Listen to this article here
After 125 years, the museums of Europe and the United States which housed and exhibited Fly artifacts of the Kingdom of Beninin what is now southwestern Nigeria, during a violent raid by British colonial forces, take action to return the coins.
Smithsonian has created an “ethical return policy” in its role of artifacts
According to Jacquelyne Germain of the Smithsonian, the sculptures, plaques, ceremonial objects, altars and other artifacts that British soldiers stole in 1897 in this act of colonial violence are collectively known as the “Benin Bronzes”.
In a joint ceremony on Tuesday, the National Gallery of Art and the Smithsonian’s National Museum of African Art (NMAfA) has collectively transferred ownership of 30 Benin bronzes, 29 of which are from the Smithsonian, to the people of Nigeria. Of the 29 items, 20 will be returned to Nigeria National Commission for Museums and Monuments(NCMM) and nine will remain, loaned to NMAFA for later display.
Some of the works of art dating back to Nigeria include a ceremonial sword in copper, iron, alloy and wood as well as a sculpture in copper, alloy and iron which represents the head of a oba (king), with emphasis on the sovereign’s intricately detailed beaded collar.
The official transfer of ownership comes after the April founding of the Smithsonian’s ethical return policywhich allows artifacts that have been stolen, coercively taken, or unethically obtained, to be revenue to their appropriate community or individual.
“In our museum, we are embarking on African museology projects,” explains Ngaire Blankenberg, director of the National Museum of African Art. “What does it mean to amplify African voices, African artists, African creatives, but also African knowledge systems, African languages? What does it mean to shift the power of definition within our museum? I think restitution, repairs are part of the equation, but it’s really kind of a major existential shift in how we operate as a museum and how we’re prepared to operate in the future.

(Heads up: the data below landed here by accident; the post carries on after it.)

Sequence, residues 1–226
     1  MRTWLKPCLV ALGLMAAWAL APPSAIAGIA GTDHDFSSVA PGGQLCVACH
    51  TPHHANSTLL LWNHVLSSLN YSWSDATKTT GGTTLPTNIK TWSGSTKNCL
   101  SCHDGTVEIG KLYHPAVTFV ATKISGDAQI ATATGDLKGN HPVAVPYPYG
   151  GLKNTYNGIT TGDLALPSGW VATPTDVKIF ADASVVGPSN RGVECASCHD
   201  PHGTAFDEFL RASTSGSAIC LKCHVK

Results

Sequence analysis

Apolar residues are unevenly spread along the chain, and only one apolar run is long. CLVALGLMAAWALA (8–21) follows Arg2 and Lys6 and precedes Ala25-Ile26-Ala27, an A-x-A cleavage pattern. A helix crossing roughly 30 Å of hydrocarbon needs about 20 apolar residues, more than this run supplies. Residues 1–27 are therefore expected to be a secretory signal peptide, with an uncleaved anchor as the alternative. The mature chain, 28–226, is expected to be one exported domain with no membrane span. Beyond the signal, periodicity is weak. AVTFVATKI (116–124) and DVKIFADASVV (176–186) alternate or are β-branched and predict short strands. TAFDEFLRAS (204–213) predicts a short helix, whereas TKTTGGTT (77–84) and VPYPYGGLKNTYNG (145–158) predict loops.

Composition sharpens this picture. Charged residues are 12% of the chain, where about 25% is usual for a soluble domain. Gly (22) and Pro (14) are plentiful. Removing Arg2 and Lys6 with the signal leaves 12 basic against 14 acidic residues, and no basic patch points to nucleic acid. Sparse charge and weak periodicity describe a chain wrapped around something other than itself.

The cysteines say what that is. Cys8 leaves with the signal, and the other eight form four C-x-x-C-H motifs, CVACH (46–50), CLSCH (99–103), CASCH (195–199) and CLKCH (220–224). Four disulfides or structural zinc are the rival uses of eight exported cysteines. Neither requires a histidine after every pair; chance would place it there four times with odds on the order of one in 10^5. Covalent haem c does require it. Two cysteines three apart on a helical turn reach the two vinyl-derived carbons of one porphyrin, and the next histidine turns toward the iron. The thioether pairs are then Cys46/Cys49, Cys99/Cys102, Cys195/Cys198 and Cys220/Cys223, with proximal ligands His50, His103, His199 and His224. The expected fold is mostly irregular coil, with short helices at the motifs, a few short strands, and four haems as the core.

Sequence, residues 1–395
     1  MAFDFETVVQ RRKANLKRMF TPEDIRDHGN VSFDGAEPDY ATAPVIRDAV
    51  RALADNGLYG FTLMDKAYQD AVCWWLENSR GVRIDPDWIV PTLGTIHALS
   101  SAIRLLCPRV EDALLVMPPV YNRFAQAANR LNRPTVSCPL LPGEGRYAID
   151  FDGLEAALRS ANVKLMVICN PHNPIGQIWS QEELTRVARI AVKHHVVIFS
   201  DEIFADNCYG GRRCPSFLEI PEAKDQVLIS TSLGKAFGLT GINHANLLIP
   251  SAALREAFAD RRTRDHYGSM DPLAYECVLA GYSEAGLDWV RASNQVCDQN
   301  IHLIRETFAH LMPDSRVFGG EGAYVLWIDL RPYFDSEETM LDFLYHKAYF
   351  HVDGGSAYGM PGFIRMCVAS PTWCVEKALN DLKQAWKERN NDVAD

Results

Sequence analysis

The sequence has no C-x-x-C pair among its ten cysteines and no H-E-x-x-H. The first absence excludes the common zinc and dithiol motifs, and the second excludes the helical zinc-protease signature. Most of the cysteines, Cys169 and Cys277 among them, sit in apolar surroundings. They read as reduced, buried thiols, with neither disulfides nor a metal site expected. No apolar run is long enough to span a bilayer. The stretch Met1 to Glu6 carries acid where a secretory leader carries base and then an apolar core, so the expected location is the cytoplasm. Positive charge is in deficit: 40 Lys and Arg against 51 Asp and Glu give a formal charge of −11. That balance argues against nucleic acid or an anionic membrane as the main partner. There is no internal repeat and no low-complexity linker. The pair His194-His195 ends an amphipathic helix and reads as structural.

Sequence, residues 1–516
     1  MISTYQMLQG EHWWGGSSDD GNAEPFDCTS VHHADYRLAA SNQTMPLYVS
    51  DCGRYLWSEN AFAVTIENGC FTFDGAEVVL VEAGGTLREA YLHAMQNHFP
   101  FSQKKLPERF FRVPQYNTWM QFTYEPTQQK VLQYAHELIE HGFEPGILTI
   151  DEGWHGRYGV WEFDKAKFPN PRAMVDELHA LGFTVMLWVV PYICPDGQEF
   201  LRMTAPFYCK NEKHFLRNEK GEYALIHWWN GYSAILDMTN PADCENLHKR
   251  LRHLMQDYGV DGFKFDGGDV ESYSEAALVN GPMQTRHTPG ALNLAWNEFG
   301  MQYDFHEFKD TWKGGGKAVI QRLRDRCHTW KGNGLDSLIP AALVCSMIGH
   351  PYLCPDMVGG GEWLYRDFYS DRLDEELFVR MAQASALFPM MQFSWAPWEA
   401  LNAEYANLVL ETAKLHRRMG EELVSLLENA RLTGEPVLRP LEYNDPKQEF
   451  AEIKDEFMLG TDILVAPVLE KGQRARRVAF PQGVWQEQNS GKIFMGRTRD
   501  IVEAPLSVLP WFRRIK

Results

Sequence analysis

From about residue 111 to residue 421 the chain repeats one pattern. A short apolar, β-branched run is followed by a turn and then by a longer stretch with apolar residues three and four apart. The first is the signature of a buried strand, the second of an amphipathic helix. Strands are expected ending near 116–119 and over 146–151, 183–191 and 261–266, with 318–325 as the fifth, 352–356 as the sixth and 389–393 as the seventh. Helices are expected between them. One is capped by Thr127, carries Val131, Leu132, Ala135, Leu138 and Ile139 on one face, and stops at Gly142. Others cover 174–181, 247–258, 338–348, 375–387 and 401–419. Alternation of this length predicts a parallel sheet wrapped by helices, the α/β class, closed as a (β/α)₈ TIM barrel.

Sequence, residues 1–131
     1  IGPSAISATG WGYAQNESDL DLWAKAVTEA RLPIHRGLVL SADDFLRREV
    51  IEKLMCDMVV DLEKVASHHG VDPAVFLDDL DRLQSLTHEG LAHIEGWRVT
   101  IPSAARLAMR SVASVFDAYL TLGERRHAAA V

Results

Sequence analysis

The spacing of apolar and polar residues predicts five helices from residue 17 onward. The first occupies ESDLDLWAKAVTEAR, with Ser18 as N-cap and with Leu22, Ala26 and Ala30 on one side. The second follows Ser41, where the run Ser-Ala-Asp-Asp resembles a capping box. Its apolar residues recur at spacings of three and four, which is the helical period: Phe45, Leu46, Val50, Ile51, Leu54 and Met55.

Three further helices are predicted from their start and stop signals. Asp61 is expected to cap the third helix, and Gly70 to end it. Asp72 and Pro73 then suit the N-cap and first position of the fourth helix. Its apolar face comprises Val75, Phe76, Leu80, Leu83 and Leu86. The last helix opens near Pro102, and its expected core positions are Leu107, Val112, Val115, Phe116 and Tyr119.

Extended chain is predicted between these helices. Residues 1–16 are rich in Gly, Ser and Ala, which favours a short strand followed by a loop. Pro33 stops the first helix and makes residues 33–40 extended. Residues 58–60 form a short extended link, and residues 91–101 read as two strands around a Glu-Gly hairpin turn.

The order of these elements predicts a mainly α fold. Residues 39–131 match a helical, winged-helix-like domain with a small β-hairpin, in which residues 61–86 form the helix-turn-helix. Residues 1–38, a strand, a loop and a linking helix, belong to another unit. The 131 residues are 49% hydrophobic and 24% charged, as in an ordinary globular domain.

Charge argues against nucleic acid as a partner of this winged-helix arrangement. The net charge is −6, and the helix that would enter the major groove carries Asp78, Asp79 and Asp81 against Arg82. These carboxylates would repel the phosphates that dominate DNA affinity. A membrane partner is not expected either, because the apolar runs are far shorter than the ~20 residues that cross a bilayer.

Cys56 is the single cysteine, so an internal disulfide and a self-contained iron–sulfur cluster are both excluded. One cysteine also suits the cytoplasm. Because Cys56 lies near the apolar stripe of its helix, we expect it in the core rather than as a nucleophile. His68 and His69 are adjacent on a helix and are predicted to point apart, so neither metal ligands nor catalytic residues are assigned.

Museums around the world are restoring what was never theirs.
A bronze sculpture of a West African king that had been in the collection of a Rhode Island museum for more than 70 years was among 31 culturally valuable objects that were also returned to the Nigerian government on Tuesday.
Earlier in August, the British Horniman Museum and Gardens also agreed to hand over 72 artifacts, including several Beninese bronzes, after receiving a request for artifacts from the Nigerian government, according to ABC News.
The Haida Gwaii Museum of British Columbia received numerous repatriationsincluding from the Museum of Vancouver and other private collectors.
Jisgang/Nika Collison, Executive Director and Curator of the Haida Gwaii Museum, said, “This has nothing to do with UK law. It is humanity.
The Rosetta Stone belongs to Africa
Thousands of Egyptians are now demanding the repatriation of the Rosetta Stone from the British Museum to its country of origin.
The iconic artefact, which finally helped scientists decode Egyptian hieroglyphics almost exactly 200 years ago, has been in English hands since Napoleon abandoned it – along with 16 other artefacts – as part of the Treaty of Alexandria in 1801.
The latest campaign to recover the Rosetta Stone has garnered over 2,500 signatures in a online petition launched by a group of eminent archaeologists.